Rating: 2.25 stars
Buy Link:
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Length: Novel


Vessel knows he’s always been different. As the lowest of the low, he knows he has little to offer his Warlord and the other Denizens of his clan. He spends most of time trying to stay under the radar and to keep from becoming the next host to the Warlord’s flesh consuming larvae. But when he’s given the charge of caring for a human prisoner, Vessel finds himself captivated.

Clarien knows he has no chance of escaping his captors, but at least he has some kindness in the gentle Vessel and the two share plenty of conversation before the end comes. With Clarien dead, Vessel finds himself on the wrong side of the Warlord’s wrath. He is forced to shape shift into a human form and abandoned on the surface.

Mistaken for the now dead Clarien, Vessel finds himself aligned with two hunters whose life work is tracking down Denizens. Vessel is accepted for the first time in his life and quickly develops real affection for Rhys and Sera and they for him. But Vessel lives in fear of the day when they discover who and what he really is.

This book was just bonkers and not in a good way. From the very start, Rescued by the Married Monster Hunters was by turns convoluted, bizarre, and just plain silly. Poorly rendered characters and oddly constructed world building left this story struggling to find its feet.

Vessel is perhaps the only truly sympathetic character, being something of an odd fish out amongst the brutal Denizens to whom he is related. He’s kinder and gentler than the others of his kind and desperate for some measure of affection. The fact he finds it amongst his supposed enemy is rather sweet and this is the strongest aspect of the book. Even though Vessel, Rhys, and Sera don’t feel fully developed as characters, they do work together on some level and I appreciated their relationship, even if it wasn’t believable. The fact that Sera and Rhys completely accept Vessel, even when they find out what he is, strains credulity. I mean, they don’t even blink at his real identity, which never makes sense. But that’s in line with the rest of the story, which often seems half finished or missing in key details. A good example of this is Vessel’s ability to suddenly be able to fight, just from reading Clarien’s journal. Rhys and Sera never question him because Vessel just magically knows everything he needs to in order to pass as Clarien. The writing and overall narration lack finesse and failed to draw me in as a reader and I just never believed in what the author was trying to create.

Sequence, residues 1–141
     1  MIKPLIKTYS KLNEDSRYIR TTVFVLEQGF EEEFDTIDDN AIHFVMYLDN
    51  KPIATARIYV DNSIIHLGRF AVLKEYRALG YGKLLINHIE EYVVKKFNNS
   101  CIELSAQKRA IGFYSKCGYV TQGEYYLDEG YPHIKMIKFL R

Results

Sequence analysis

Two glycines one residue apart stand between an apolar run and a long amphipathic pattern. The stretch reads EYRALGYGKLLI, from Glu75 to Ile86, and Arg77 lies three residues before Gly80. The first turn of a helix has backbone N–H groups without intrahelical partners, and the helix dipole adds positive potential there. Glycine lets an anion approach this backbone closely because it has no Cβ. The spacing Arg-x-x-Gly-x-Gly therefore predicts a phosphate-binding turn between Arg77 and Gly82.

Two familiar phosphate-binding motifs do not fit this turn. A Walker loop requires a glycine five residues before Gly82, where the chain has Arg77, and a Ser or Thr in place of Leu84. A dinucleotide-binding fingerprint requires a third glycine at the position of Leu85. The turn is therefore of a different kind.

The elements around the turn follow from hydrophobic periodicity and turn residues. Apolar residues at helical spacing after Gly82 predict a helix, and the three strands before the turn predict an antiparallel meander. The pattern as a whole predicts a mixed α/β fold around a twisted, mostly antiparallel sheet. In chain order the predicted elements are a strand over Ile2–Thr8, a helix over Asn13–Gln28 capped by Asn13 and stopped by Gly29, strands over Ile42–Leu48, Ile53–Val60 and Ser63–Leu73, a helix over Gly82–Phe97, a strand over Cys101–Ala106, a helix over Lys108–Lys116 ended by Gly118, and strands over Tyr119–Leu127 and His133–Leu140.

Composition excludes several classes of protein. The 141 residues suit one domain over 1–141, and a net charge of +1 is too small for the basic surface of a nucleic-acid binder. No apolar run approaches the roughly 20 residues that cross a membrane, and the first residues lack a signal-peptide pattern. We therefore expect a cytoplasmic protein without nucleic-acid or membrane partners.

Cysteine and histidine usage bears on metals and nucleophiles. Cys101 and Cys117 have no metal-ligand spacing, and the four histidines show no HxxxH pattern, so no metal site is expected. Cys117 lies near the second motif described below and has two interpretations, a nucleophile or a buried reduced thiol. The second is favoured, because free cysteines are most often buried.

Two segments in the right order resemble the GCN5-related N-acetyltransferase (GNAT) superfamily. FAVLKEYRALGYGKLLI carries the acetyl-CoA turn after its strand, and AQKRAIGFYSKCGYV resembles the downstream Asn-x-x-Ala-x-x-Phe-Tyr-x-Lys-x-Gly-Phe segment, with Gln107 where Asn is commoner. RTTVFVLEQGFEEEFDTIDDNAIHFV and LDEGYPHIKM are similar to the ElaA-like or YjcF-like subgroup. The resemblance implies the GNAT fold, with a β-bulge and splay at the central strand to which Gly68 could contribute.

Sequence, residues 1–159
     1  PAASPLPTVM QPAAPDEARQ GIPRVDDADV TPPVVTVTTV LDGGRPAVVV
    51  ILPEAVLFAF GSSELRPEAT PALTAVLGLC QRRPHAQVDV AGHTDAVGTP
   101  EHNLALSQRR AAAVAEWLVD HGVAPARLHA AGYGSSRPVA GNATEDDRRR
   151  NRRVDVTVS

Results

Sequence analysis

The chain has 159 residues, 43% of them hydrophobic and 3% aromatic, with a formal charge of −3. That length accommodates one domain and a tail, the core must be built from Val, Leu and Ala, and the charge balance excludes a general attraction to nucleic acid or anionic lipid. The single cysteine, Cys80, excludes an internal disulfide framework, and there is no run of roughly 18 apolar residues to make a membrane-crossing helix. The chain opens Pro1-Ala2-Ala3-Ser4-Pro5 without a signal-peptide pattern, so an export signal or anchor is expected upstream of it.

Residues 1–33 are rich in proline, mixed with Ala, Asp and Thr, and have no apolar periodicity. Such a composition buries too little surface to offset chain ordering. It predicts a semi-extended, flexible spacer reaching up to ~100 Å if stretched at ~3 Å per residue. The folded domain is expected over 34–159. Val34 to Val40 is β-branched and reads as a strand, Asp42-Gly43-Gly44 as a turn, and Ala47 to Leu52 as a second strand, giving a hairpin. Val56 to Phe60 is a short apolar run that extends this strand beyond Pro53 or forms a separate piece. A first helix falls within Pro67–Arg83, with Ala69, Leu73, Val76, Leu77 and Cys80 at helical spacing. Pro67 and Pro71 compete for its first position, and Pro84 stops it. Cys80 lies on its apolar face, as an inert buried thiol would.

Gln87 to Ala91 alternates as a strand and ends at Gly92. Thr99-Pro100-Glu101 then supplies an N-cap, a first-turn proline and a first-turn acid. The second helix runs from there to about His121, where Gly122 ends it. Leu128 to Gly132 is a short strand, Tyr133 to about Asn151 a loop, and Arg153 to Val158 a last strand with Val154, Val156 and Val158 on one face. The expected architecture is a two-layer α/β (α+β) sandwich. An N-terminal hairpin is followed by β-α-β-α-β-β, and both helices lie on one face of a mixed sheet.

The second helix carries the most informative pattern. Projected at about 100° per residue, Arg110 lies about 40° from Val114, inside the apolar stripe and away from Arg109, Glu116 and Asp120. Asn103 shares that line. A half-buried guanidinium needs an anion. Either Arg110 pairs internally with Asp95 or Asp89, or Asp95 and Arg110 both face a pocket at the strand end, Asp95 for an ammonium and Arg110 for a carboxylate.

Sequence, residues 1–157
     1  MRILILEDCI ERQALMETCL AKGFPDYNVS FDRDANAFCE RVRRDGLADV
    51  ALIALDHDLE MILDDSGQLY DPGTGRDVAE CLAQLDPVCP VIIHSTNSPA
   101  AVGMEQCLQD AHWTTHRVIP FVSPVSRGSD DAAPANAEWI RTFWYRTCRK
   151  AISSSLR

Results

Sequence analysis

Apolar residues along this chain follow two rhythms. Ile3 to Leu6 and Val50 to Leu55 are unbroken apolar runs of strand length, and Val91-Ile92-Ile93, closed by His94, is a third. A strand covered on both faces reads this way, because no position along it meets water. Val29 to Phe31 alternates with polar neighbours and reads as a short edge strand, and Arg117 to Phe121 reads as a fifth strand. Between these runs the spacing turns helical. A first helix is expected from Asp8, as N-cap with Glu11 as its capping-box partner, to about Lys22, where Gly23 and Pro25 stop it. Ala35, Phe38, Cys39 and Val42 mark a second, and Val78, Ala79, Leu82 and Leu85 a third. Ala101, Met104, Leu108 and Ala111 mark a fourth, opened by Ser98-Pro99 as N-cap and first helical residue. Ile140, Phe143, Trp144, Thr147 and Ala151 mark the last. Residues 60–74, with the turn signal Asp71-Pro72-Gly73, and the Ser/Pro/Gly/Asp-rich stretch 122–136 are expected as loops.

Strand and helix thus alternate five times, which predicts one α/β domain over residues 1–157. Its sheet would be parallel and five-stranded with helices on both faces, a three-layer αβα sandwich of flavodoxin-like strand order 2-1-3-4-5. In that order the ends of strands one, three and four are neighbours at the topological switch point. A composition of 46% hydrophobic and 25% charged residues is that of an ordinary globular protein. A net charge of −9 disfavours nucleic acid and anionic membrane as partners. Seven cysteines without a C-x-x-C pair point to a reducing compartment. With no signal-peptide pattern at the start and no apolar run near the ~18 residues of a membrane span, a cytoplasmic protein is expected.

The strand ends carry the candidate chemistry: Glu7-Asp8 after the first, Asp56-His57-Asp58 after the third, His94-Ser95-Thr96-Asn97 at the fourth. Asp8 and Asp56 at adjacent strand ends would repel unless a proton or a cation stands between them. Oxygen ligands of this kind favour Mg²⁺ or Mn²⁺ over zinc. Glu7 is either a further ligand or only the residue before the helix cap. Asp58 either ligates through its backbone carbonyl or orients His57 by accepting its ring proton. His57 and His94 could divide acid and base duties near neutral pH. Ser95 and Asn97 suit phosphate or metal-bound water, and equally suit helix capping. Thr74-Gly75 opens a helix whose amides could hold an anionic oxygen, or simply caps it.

The world building can only be described as chaotic. It’s layered with rules that are either never clarified or don’t make sense. There are various dimensions, shape shifting, and quasi-cannablism, and rather than the author trying to explain how these bits and pieces actually fit together, we’re just told that they do. The end result is too cluttered or nonsensical to make for an immersive, believable, fantasy world.

Rescued by the Married Monster Hunters struggled to communicate its message effectively. While the main trio does a have a certain sweetness to their interactions, that’s about all this book has going for it. The plot and world building are too jumbled and there wasn’t enough to keep me engaged. I’d have to recommend giving this one a pass.

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